Confrontation cannot be a solution. The region must move on, and one way for it to do so would be for the parties to agree that instead of trying to prove one’s claim against the other, both could agree that the disputed area is part of the common heritage of mankind. They could then move for its demilitarization as a zone of peace, commerce and freedom of navigation. And the whole community of nations could join them.
This would not only decouple the settlement of the Philippines-China maritime conflict from the resolution of the sphere of influence conflict between China and the US. It would also render moot and academic the latter conflict, which is the real conflict that threatens a regional or even global war. A recent study released by the Washington-based bipartisan Center for a New American Security (CNAS) claims that new weapons, technology and tactics developed by Russia, China and Iran could end US global sea dominance soon, even though the US has 10 aircraft carriers, equivalent to what all the other countries can field combined.
They are reported to have developed advanced air-defense systems, anti-ship cruise and ballistic missiles, submarines and aircraft carriers, which could prevent US carriers and their planes from getting close to their targets without incurring serious damage or being destroyed. Russian-Chinese cooperation has put in China’s hands one of the largest forces of advanced long-range surface-to-air systems in the world, the study said, quoting the Pentagon.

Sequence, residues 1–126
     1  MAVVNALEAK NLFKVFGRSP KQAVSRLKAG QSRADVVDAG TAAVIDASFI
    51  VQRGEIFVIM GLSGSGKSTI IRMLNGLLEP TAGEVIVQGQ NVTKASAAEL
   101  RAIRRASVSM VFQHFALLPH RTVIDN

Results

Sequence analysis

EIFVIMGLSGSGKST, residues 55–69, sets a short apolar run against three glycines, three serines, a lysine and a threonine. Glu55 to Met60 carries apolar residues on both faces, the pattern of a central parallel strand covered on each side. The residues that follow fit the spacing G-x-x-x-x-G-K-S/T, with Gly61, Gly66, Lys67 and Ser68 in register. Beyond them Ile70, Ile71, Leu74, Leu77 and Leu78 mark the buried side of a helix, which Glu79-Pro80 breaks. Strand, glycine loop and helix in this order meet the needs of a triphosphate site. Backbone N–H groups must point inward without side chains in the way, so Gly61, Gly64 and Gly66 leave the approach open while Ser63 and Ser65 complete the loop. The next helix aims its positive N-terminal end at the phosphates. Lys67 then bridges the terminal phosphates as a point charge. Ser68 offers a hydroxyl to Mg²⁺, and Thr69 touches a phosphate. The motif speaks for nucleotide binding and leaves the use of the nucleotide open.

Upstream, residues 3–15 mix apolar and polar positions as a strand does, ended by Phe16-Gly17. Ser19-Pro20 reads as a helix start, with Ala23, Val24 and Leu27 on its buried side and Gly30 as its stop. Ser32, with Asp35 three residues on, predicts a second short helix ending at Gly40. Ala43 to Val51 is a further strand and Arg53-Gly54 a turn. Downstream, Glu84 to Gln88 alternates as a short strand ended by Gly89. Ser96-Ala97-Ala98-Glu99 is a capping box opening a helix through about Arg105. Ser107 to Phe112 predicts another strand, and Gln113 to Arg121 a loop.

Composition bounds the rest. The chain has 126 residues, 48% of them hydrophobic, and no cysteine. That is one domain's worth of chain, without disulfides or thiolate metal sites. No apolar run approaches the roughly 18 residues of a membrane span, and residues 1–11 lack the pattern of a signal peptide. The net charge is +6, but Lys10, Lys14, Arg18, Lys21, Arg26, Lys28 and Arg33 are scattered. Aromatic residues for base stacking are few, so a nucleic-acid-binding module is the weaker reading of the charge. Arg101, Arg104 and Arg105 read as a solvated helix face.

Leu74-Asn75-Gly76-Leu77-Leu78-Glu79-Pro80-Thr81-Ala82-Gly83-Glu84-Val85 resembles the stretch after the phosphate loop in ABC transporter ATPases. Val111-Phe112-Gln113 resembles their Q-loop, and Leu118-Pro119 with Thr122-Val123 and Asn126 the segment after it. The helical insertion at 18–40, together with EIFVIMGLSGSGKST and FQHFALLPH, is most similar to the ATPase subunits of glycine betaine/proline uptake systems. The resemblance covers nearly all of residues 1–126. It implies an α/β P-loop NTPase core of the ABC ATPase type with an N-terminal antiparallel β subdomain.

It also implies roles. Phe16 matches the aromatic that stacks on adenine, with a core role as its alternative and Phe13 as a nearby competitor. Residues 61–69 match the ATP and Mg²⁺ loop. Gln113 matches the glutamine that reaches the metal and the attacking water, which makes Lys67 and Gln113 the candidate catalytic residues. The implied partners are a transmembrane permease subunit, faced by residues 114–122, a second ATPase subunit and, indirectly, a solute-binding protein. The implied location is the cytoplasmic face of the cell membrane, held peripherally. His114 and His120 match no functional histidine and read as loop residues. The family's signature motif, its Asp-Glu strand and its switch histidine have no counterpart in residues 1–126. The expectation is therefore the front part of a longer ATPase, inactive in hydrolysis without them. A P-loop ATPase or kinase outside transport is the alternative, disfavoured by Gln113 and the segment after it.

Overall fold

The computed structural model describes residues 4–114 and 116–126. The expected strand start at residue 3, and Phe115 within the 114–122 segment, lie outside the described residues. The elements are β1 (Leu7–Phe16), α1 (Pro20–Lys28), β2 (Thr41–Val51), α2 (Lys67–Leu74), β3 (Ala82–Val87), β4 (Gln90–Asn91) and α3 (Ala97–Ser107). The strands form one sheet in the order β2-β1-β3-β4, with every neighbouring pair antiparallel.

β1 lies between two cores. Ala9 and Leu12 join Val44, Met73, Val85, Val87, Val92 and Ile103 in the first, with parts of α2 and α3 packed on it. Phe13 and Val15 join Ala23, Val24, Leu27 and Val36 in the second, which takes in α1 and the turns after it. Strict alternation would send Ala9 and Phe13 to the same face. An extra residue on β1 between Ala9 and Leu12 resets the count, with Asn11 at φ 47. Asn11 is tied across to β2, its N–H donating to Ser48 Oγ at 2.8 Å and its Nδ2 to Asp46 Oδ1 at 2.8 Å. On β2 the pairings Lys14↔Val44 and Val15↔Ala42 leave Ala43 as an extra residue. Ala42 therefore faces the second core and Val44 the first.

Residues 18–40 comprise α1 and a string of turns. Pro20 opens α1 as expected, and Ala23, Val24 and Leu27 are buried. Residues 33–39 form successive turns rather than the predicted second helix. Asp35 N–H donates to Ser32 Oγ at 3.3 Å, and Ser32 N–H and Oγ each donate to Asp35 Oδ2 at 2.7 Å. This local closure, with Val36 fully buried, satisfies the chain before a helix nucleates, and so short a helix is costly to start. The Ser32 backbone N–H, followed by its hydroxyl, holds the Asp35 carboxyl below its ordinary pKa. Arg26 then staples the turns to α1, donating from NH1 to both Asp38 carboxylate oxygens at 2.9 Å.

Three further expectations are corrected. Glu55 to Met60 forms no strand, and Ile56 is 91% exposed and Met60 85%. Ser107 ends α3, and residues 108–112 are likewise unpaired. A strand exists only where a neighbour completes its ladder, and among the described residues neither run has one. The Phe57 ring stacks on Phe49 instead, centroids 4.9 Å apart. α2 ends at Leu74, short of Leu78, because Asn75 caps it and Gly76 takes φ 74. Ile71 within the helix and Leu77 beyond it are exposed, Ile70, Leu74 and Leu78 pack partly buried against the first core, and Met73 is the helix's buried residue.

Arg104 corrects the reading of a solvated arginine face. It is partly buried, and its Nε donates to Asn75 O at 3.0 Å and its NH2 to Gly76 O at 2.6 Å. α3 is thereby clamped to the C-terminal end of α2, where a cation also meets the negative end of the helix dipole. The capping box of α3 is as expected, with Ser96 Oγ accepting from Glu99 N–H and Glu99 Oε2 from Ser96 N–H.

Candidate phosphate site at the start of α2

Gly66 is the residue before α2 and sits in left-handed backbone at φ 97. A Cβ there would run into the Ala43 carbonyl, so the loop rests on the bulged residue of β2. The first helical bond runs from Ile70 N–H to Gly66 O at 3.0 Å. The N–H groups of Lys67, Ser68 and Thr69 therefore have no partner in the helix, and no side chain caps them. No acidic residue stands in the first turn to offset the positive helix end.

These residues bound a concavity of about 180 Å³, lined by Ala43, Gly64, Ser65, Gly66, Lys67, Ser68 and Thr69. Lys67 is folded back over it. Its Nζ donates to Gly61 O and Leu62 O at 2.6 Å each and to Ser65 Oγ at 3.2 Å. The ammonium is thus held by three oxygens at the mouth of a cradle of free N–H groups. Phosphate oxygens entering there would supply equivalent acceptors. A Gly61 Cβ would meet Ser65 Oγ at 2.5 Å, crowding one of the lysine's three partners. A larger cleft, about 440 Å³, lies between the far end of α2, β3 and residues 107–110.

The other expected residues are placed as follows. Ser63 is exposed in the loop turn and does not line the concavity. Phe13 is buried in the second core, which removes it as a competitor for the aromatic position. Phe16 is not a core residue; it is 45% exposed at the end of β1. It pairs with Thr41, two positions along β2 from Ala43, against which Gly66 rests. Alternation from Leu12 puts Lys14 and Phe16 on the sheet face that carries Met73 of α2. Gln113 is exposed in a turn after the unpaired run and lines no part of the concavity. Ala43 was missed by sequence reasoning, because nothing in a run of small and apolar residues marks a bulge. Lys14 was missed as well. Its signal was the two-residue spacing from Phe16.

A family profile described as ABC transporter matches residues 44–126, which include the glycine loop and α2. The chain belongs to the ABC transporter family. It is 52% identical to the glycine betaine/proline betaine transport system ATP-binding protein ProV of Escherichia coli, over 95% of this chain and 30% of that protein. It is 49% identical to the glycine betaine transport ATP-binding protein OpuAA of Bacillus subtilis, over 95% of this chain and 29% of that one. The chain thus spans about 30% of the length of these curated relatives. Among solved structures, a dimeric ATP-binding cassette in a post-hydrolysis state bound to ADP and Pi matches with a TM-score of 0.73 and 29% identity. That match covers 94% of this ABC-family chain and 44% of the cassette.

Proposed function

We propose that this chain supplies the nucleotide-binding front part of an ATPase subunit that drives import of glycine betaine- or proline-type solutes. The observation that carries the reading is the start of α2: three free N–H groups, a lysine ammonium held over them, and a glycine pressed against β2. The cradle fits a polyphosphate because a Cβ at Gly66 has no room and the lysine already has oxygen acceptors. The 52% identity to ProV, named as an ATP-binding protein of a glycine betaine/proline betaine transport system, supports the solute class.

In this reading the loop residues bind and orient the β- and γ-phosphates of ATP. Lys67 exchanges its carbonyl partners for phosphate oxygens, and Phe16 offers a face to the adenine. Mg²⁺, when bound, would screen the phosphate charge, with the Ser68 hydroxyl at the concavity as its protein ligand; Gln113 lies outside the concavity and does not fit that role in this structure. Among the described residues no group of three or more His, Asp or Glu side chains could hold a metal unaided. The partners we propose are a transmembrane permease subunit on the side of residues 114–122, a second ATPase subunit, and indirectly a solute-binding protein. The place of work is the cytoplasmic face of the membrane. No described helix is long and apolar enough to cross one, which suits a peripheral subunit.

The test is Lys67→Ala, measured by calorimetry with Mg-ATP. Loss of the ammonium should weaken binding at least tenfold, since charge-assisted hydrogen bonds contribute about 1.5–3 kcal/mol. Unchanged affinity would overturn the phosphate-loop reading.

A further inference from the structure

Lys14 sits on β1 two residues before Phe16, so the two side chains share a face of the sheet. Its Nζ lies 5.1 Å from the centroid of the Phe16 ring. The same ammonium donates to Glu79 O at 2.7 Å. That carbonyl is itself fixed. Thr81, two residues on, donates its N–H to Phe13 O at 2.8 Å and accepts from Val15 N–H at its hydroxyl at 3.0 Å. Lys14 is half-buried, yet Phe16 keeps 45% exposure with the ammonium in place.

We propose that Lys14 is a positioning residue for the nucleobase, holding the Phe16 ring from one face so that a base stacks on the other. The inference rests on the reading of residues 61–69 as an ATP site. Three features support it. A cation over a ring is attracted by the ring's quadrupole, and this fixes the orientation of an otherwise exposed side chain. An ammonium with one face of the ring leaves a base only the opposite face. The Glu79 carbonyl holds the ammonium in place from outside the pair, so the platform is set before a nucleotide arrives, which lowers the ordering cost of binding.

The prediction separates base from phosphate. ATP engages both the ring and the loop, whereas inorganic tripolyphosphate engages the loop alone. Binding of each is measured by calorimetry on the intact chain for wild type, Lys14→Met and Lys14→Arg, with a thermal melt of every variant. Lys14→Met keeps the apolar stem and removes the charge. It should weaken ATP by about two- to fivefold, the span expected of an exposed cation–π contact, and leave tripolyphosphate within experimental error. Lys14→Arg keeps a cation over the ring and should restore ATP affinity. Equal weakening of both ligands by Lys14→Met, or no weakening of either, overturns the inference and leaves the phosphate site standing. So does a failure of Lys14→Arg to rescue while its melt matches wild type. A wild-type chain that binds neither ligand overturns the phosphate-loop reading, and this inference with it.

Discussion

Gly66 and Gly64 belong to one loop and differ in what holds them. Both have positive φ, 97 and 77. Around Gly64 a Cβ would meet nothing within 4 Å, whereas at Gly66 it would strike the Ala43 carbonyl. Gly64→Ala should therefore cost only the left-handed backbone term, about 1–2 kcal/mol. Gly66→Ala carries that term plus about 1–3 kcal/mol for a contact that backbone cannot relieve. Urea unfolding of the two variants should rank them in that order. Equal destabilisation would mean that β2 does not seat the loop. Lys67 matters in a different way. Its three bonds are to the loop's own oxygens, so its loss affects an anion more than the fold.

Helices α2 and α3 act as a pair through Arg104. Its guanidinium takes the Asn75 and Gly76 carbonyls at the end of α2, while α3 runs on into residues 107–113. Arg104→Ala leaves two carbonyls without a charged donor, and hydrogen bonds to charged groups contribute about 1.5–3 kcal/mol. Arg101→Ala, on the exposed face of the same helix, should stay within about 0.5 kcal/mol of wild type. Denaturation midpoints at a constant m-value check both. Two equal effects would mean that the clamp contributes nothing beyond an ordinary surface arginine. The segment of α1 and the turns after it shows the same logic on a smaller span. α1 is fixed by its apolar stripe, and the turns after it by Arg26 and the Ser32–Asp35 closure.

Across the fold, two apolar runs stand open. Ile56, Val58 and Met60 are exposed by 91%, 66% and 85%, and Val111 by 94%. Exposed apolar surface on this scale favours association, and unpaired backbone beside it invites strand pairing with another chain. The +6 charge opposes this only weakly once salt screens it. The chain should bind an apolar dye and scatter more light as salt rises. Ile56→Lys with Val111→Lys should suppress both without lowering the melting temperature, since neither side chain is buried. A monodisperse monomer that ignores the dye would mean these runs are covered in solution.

If the entire waterway were demilitarized, the present global arms race would stop, and it would not matter much who was ahead of whom at the last count. War avoidance measures would certainly become more popular and profitable than war. Mr. Duterte’s Leftist partners would not need to demand the revocation of EDCA (Enhanced Defense Cooperation Agreement with the US); it would naturally lose its reason for being.
Neutrality as option
In the exercise of the right of “self-determination,” Mr. Duterte could then proclaim armed neutrality as the sovereign policy of his government, like Switzerland. This would release the Philippines from any existing military entanglements and alliances, and hasten demilitarization of our disputed waterways.
The country could adopt a truly independent foreign policy in the end.
But in order to become a truly effective instrument of progress, Philippine foreign policy must redefine its purposes and objectives and character. As a neutral country, we will have no reason to get involved in many political issues; our diplomats, therefore, could devote their time, energy and resources to the creation of greater wealth for the nation through trade, technology transfer, information sharing and investments, and the protection, care and mobilization of Filipinos abroad.
Philippine diplomacy should enable the government and, ultimately, the disparate public to have a more informed common understanding of how the global economy is working, particularly in places where there are so many Filipinos. This could be far more important than some sensational political breaking news.
This will require a restructuring of the Department of Foreign Affairs to include “international trade” as one of its primary and organic functions, leaving the Department of Trade and Industry to concentrate on domestic trade, and a further strengthening of its career force by weeding out the deadwood and the riffraff, and paying its diplomats as well as their foreign counterparts. Under the Foreign Service Act of the Philippines, career diplomats are compulsorily and automatically retired upon reaching the age of 65, while no non-career diplomat may be appointed to any position who is 70 years old or above.
This law has been wantonly by Malacañang. Since there are career ambassadors who remain intellectually agile after 65, and non-career senior individuals whose experience and wisdom may be hard to replace, the law should be amended to allow the President to call on their services, as an exception to the rule. We should also learn how other governments avoid posting a resident ambassador where they cannot afford one.